Shikoku, Japan 2008
“…constant rain…soles feel like they have been pounded by hammers. They throb at night like whalesong…really not enjoying this now…”
I scrawled the above in my diary about halfway through the 88 Temples pilgrimage in Japan: 1200 kms around the smallest of the four main islands, mostly on unforgiving asphalt through towns and villages punctured and stalled by dwindling populations. Past long-closed schools and rice fields where the old farmworkers would straighten up to silently witness this foreigner march by, hunched with pack, like he had any idea of what enlightenment was or could be. I had lived for three years on the island previously and the pilgrimage seemed like a natural conclusion to my time there.
It has existed in some form or another for over 1000 years. Unlike 1000 years ago though, most modern day pilgrims travel between temples on air-conditioned buses that ease into the temple car parks with barely an exhalation of their hydraulic brakes. Traipsing down anonymous rain-pummelled highways, it was easy for me to work up a good amenable contempt for them. Look at these mindless ones my brain muttered as they queued to buy the stamps that showed which temples they had been to.
There was no Japanese inn waiting for me at the close of day, no hot spring, nor cup of warm sake to dispel the clouds before sleep. I often had to pitch my tent illicitly in parks, playgrounds and on beaches. Sometimes, I didn’t use it at all – just unfurled my sleeping bag in picnic huts or bus shelters. But spending nights in the open left me at the mercy of my senses. Most mornings were started shivering awake from a thin puddle of sleep, the clamour of birds right in my head. Their racket was the first sign that soon the sun would be bolting itself irreversibly to the day. No more elemental pleasure than feeling its heat slowly penetrate through my clothes, the hard contours of the night gone at last.
I was carrying a pack of about 18 kgs, overloaded with outdated camera equipment and film, and after the first couple of weeks my body was a loose constellation of pain threaded together by self-pity and disdain. But isn’t there a direct correlation between suffering and enlightenment? Wasn’t this the whole point of it all – to cleanse the ego through sheer bloodyminded endurance?
Then, one day, I am sitting in an okonomiyaki restaurant as a rare treat, when Bridge Over Troubled Water comes on the radio. That crashing piano that slowly subsides, Art Garfunkel’s voice as pure as a bell. A song so familiar I had ceased experiencing it as a piece of music a long time ago. If anything, I was slightly dismissive of it: The glossy production, its mawkish grandiosity. At that point though, my body and spirit flagging, I couldn’t summon up the energy to intellectualise anything. I just listened. And suddenly, without expecting it, the song was raking through my insides. It felt like someone directly reaching a hand out, to me alone, offering comfort and respite.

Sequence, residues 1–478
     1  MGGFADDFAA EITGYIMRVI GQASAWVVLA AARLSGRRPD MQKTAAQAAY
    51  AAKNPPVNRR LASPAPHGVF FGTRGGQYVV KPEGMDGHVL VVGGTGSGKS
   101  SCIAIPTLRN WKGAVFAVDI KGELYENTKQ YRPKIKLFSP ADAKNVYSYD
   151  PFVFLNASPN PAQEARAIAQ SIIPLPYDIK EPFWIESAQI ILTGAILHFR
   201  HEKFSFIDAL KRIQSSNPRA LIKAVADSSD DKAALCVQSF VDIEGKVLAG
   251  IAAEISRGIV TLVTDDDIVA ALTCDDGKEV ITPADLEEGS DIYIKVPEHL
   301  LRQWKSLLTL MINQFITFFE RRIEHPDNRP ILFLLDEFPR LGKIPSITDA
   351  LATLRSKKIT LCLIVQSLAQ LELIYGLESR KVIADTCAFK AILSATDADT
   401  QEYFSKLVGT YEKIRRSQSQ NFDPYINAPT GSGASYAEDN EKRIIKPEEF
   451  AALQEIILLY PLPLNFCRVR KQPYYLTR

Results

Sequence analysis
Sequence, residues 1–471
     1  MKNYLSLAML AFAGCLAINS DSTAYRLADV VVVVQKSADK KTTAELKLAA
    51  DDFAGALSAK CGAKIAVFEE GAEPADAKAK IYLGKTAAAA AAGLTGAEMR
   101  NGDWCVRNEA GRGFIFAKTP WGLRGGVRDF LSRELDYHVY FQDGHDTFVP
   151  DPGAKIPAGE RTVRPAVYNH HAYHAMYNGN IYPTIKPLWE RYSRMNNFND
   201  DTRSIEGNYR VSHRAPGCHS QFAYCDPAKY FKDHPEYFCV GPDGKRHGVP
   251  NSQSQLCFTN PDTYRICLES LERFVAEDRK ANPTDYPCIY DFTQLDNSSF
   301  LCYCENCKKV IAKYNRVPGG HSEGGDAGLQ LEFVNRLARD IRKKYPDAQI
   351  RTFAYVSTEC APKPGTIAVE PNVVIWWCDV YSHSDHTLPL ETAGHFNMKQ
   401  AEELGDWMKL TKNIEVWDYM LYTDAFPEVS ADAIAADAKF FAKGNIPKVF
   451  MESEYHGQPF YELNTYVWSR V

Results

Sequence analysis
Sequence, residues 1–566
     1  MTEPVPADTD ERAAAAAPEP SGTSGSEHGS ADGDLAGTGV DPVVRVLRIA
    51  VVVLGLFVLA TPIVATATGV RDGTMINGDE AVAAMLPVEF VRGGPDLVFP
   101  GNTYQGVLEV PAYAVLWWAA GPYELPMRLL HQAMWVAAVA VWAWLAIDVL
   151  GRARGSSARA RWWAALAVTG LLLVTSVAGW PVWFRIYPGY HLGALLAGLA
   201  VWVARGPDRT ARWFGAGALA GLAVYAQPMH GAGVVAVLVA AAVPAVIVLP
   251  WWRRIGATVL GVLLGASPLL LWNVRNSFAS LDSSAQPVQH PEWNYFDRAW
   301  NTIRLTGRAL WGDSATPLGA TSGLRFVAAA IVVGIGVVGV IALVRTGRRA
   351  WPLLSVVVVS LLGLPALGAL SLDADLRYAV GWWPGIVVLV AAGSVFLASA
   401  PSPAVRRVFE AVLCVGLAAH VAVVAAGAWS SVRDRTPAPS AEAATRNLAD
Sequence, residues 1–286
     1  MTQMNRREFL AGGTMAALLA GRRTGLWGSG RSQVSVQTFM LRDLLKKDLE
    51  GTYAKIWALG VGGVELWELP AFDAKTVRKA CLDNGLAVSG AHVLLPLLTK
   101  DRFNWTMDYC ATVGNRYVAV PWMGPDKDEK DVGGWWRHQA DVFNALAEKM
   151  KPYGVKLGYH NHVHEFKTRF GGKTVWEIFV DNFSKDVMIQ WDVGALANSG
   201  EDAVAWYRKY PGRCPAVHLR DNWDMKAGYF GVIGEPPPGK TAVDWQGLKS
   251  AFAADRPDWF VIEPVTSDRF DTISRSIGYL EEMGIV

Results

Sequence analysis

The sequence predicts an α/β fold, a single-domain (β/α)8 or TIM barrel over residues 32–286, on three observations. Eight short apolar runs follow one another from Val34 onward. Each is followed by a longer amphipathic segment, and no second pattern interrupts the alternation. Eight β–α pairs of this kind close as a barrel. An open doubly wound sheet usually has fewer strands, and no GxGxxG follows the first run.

Truly phenomenal is the engine power of self-righteous indignation; it can keep you walking for months. But the pain in my body had hardened into an endless cycle of recrimination in my mind: Of myself, other pilgrims and the Japanese in general. Churning over the same thoughts only established the pattern and made it easier for them to gain traction the next day, until they had become embedded in each step I took. The only real consequence being that I was increasingly weighed down with an utterly purposeless negativity.
I wasn’t allowing myself to appreciate the moments of beauty and acts of generosity I came across. For all my walking, I was missing the pilgrimage. Some of the areas I passed through are amongst the poorest in Japan. Every day bread, onigiri, fruit and drinks were pressed into my hands by strangers. A random dog walker opened his community hall for me to stay in. It didn’t matter what was offered because contained in each transaction was a basic human acknowledgement. Sitting in that okonomiyaki restaurant, trying to hide my glassy eyes from the owner, I realised it is an act of selfhood to not permit yourself a safe distance, to surrender your thoughts up completely to the moment.
As I neared the end of the pilgrimage, after almost 40 days of lone walking, I had progressed to trying to perfect the opening quatrain in my own throttled falsetto. Over and over again as I lumbered on. Although I never quite reached the high notes that perhaps only Art Garfunkel can, the song acted to reassure me that, in spite of all my isolation, I wasn’t alone.